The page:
Home - Teaching Resources - NDT Tips

-

Lead Foil Screens

Lead foil screens are often used to enhance the radiograph when using X-rays in the range of 150 to 400 kV. The screens increase the exposure of the film largely due to electrons emitted by the screens during an exposure. The following are a few experiments that can be performed to investigate the effects of lead foil screens.

Experiment #1 - Using Lead Foil Screens

  1. Locate a plate of steel approximately ¼ inch thick and 4 inches wide by 5 inches long. Drill a number of holes in the plate.
  2. Load a film cassette with a type 1 film.
  3. Load a second film cassette with a second piece of film and place a 0.005 inch thick lead screen on the source side and a 0.010 inch thick lead screen on the backside.
  4. Place the steel plate of the film cassette and expose the film at 150 kV to create a radiograph with a density of 2.0 to 3.0.
  5. Radiograph the plate a second time using the film pack with screens. Expose the material at similar kV / mA settings but the exposure time will need to be increased since the lead will absorb a portion of the long wavelength radiation.
  6. Process the films and compare on the viewer to determine if the lead produced a sharper, higher contrast radiograph.

More contrast and definition should be seen in the image produce with the screens.

Experiment #2 - The need for intimate contact between the film and the screen.

To produce the desired effect, the screens must remain in contact with the film. The following experiment can be used to demonstrate the effect of an air gap on the performance of lead foil screens

  1. Load a film cassette with a piece of type 1 film and a lead foil screen on the source side.
  2. Cover the half of the film with a thick lead sheet to prevent it from being exposed.
  3. Place a hacksaw blade or other object with fine detail on the source side of the cassette in the area not covered by the thick lead sheet.
  4. Expose this half of the film to produce a density of 2.0 to 3.0.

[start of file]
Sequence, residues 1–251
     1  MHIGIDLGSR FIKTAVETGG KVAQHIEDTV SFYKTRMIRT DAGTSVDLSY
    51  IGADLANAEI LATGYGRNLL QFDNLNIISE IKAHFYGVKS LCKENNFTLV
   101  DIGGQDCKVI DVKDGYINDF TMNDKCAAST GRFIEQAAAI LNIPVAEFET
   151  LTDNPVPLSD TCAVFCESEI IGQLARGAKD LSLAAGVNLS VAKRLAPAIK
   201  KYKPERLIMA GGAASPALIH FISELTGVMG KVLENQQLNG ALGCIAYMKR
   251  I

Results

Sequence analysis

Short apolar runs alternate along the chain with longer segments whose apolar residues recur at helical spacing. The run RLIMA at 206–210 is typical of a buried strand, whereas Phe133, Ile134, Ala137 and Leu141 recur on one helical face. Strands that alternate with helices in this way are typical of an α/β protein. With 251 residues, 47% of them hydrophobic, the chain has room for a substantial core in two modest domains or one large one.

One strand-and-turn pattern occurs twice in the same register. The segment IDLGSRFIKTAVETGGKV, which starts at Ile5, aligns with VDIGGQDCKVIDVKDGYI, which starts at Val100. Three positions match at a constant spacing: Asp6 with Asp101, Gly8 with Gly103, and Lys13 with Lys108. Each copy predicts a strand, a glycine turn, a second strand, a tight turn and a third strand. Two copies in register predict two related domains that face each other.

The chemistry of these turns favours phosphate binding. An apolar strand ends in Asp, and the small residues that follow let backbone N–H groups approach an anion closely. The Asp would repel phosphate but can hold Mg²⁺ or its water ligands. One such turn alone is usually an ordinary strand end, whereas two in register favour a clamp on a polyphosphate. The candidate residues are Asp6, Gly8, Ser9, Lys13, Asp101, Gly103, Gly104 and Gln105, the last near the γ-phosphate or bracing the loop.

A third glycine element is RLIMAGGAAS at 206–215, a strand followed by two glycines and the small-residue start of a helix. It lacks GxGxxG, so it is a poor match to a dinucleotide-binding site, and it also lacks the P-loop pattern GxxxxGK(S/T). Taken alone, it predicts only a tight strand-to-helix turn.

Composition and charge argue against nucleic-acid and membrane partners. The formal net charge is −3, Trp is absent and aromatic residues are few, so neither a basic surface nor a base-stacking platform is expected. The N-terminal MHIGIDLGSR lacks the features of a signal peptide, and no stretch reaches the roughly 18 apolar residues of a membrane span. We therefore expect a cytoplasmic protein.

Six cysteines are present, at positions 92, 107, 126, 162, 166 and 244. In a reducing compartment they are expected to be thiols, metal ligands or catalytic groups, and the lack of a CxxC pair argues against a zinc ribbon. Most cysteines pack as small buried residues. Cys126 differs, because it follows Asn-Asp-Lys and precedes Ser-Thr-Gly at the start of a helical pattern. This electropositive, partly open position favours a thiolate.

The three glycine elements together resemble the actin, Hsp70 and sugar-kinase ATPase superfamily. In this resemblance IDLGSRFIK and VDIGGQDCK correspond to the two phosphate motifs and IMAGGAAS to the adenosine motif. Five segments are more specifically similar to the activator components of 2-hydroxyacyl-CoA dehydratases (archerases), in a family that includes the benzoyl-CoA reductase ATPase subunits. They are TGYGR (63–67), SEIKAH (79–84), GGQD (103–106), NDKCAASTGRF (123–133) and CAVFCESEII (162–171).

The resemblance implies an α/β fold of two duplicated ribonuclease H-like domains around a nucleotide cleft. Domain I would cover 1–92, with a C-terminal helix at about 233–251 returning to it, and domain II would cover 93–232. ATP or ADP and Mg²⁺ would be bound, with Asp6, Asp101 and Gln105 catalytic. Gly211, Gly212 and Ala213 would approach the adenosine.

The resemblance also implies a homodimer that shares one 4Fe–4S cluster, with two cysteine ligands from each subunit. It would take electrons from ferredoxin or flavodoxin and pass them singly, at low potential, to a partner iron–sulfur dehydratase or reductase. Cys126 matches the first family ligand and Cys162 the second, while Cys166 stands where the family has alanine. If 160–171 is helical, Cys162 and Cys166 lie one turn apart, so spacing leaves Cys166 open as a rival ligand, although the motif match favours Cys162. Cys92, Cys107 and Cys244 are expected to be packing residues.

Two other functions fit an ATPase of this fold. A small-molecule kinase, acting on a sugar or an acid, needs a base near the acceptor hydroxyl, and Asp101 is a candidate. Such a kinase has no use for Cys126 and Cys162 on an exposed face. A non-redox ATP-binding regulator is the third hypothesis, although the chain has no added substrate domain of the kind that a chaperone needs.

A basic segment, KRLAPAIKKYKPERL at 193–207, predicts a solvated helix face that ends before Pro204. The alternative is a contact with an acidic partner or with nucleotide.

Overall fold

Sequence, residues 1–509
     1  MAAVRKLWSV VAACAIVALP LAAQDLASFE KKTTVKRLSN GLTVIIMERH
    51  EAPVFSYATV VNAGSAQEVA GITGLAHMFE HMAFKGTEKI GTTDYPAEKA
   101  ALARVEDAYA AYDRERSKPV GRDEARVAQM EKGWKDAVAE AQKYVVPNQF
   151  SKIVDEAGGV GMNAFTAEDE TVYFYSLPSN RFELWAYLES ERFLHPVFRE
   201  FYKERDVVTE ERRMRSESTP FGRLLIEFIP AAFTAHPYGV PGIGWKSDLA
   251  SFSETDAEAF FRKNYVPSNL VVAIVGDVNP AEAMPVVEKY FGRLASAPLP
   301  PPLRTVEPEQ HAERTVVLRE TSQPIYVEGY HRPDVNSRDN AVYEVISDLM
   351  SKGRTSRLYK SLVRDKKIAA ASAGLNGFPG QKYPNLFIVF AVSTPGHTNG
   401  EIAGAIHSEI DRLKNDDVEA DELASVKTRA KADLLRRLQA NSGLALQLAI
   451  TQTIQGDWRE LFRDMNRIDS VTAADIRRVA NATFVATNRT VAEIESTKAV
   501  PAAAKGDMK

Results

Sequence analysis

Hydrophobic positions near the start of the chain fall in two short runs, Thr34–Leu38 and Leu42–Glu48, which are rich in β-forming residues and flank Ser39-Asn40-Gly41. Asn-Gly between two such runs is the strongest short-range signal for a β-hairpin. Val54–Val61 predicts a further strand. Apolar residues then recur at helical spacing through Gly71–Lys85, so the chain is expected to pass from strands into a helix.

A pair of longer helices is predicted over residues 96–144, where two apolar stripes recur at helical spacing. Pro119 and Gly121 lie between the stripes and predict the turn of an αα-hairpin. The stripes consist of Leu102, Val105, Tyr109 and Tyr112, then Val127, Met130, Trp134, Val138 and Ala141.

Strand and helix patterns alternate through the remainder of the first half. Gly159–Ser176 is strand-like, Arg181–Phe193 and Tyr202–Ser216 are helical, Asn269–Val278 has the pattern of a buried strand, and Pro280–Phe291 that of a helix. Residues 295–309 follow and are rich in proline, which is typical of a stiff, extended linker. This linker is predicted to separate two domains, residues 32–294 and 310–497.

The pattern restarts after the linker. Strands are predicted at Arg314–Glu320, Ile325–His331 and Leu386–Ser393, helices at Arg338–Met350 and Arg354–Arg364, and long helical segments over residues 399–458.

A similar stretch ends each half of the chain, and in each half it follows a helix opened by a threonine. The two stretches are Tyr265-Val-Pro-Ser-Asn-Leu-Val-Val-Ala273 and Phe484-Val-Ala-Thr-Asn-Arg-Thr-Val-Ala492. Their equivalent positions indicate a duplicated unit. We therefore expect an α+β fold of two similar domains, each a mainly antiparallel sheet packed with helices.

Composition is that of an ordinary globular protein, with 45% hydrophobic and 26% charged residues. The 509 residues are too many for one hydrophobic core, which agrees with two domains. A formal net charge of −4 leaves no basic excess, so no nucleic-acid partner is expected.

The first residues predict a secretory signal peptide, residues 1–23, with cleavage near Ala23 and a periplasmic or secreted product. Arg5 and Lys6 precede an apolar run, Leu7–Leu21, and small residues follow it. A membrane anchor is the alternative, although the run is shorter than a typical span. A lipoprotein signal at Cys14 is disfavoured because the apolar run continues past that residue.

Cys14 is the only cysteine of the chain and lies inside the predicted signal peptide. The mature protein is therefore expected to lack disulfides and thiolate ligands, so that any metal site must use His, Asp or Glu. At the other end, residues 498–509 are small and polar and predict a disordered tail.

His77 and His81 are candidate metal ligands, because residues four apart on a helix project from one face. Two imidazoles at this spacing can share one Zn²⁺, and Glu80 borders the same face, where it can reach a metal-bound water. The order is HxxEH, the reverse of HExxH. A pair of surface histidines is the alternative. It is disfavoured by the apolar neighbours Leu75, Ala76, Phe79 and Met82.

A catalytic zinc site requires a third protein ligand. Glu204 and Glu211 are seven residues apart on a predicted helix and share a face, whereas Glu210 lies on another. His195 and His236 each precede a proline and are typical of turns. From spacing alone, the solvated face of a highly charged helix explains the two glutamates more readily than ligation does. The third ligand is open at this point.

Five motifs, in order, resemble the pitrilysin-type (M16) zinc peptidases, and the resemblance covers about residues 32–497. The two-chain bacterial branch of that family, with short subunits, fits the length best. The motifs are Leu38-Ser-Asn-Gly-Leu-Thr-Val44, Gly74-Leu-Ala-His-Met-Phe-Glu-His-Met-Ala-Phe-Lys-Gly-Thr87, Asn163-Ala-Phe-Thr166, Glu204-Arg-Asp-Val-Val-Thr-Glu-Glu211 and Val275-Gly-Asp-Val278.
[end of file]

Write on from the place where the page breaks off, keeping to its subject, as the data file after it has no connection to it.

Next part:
5. Return to the dark room and place a couple of pencil in the cassette to separate the screen from the section of unexposed film. Put one of the pencils near the center and the other near one edge of the film so that the hacksaw blade can be imaged between them.
  6. Cover the previously exposed half of the film with a thick lead sheet to prevent it from being exposed a second time.
  7. Place a hacksaw blade or other object with fine detail on the source side of the cassette in the area not covered by the thick lead sheet.
  8. Make a second exposure using the same equipment settings used to produce the first.
  9. Process and compare the two exposures.

More contrast and definition should be seen in the image produce with the screen in contact with the film.

Experiment #3 - Effects of Scratches and Other Artifacts on Lead Foil Screens.

  1. Use a sharp object to scratch a line or pattern into an old lead screen.
  2. In another area of the screen place a dime-sized spot of glue and let dry
  3. Load a piece of film and the screen into a cassette. Place the lead source side to the film and place a small shred of tissue paper or sewing thread between the film and the lead.
  4. Exposure the film to produce a density of between 2.0 and 3.0.
  5. Develop the film and determine the results of the scratch, foreign material, and glue on the exposed film


NDT
Teaching Tips

Ultrasonic
Reflectors
Signal Interpretation
DAC Curve

Eddy Current
Depth of Penetration
Lenz Law

X-ray
Backscatter Radiation
Film Handling Artifacts
Focal Spot Size
Lead Screens
Source/Object Orientation